1. avatar Geoff "Mess with the Bull, get the Horns" PR says:

        3 problems with that –

        1 – Guns will not sink into a bath of liquid mercury. Google “Anvil floating in mercury” for video.

        2 – You really don’t want to let mercury come into contact with a number of metals, especially aluminum. Mercury will *dissolve* aluminum.

        3 – You really don’t want to come into contact with mercury, it is a *nasty* neurotoxin, and loves to make its way into fatty tissue and stay there. You were aware your brain is mostly fatty tissue?

        1. avatar Sich says:

          Never said in my Comment that there “Weren’t Any Risks”! Just that was the “Best In the World”…

        2. avatar Clark Kent says:

          You just can’t fix stupid.

      2. avatar Swarf says:

        Is… is that why you type like you do?

        1. avatar Sich says:

          Compared to “What”? All “Capitals”! Consider yourself lucky that No “Emoji’s” or “Leet” was in the Sentences mixed with the “Qwerty” Typing…

    2. avatar jwtaylor says:

      I hand wash.

  7. avatar former water walker says:

    I doubt I’ll ever buy this but it’s good to know. Got a sample of Ballistol from a LGS and I guess I’ll try it. Been using CLP and RemOil which works OK. I am NOT a high volume shooter…

  8. avatar MLee says:

    I use a variety of products including Hoppe’s copper solvent, Birtchwood 2-1 Bore cleaner, CLP, Ballistol and regular gun oil.
    I’m pretty anal about the care of my equipment. A real big help in is compressed air. I have dried air or dried oiled air. depending on which hose I use. With all the proper gun cleaning tools for and the correct products along with compressed air, my firearms are always pristine that get regular care fired or not. It’s unbelievable the excuses some people have for not cleaning their weapons properly. When it comes down to it. they are nothing but lame-ass excuses based on pure laziness.

    1. avatar Sich says:

      What kind of Oil for “Dried Oil Air”? Because Most Oils “Don’t” react well to Forced Air Pressure! Most “Oils” will Combust into Flames at 100psi…

      1. avatar Old Guy in Montana says:

        Interesting! None of my pneumatic tools (40 – 120 psi) with an in-line oiler have ever combusted into flame while in use…whether it was a propylene glycol or petroleum based lube.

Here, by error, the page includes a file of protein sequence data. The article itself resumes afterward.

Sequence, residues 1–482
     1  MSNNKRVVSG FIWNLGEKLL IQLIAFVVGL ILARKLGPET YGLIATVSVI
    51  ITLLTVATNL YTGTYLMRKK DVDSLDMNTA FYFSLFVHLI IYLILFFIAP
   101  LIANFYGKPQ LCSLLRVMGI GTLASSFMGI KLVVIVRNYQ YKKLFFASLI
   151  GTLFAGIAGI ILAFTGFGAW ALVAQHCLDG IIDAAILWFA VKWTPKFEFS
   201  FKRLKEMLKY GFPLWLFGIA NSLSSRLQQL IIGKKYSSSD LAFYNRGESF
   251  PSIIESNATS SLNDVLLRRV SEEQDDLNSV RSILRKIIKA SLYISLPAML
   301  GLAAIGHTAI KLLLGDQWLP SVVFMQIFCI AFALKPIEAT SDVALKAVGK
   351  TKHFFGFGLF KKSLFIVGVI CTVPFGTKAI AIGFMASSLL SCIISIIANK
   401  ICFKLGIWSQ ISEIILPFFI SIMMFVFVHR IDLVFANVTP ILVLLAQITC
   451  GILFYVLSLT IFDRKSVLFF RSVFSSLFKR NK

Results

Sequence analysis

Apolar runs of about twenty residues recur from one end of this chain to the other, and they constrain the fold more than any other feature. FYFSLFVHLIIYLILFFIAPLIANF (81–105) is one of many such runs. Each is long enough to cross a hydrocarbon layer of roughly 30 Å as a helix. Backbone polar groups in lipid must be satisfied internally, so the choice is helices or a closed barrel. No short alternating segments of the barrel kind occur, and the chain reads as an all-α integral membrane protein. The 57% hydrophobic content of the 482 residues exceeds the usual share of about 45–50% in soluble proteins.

1. avatar Sich says:

          Go for you! Do you use a “HCFC” Oil or “HFC” Oil…

  9. avatar Patrick says:

    After blowing through a small bottle of EEZOX, I bought a quart. It fabulous stuff. The lubrication is just perfect and the corrosion resistance has been tested to be the best. I’ve stopped using oil on all my firearms.

    As a solvent, it works to get power crud out. Without having a borescope to verify effectiveness, I epxect that it does nothing to remove copper fouling. In a pistol, this isn’t an issue, but in a precision rifle, I still use solvent to clean the bore before applying EEZOX as a rust preventative.

    I haven’t seen EEZOX dissolve any type of plastic or rubber. It also smells good 🙂

  10. avatar TheOtherDavid says:

    Ballistol was my go to for many years, but I have started using Rand CLP for the last few months and the Glocks, revolvers, and ARs All seem to like it. Lubricates a little bit drier than Ballistol. I will run it during a rifle course this fall and see how it does with a longer day of fire. Seems to clean a bit better than Ballistol

    1. avatar Clark Kent says:

      When cleaning a firearm with Ballistol remember to let it soak the part(s) for 20 to 30 minutes before scrubbing/brushing/wiping.

  11. avatar Wilko says:

    Could anyone comment on “G96”?
    Legia Spray, Ballistol, Rem Oil all good but recently bought a spray can of G96 which I haven’t used as yet.

    Thoughts/comments please?

    1. avatar Sich says:

      Other then being Military Grade and used by the US Army as of May 2017. Other than that Not Much! I’ve never used it myself…

      1. avatar Clark Kent says:

        G96 is a great product! I rate it just behind Ballistol because I don’t believe G96 is non-toxic like Ballistol. If you don’t like the smell of Ballistol G96 smells like eggnog (and who does not like that smell?).

        1. avatar Sich says:

          OK!/? I’ve been using Russian Standard TY 38.1011315-90 “Dry Lubrication” used in the “Battle of Stalingrad”, near US Equivalent to AeroShell Fluid 18…

  12. avatar Scott C. says:

    First time I used Eezox was when my SSgt. Bought us some before we deployed to Iraq in 2004. I haven’t used anything else since, ‘nuff said.

    1. avatar Clark Kent says:

      So you have voluntarily exposed yourself to a toxic product for 14 years?

  13. avatar William Wessels says:

    I have used it for several years now. On blued polished firearms it dries if wiped 20 minutes after aplication to remove surplus. After a couple of days fingerprints are no longer a problem. I live in Florida, fairly high humidity most of the time and the blued guns stay pristine over a years period of time. Excellent product and a nice elderly couple who sell it. Mom and Pop operation. It was used extensively in Kuwait.

    1. avatar Clark Kent says:

      Great! Then I will wait to use Eezox when I move to Kuwait.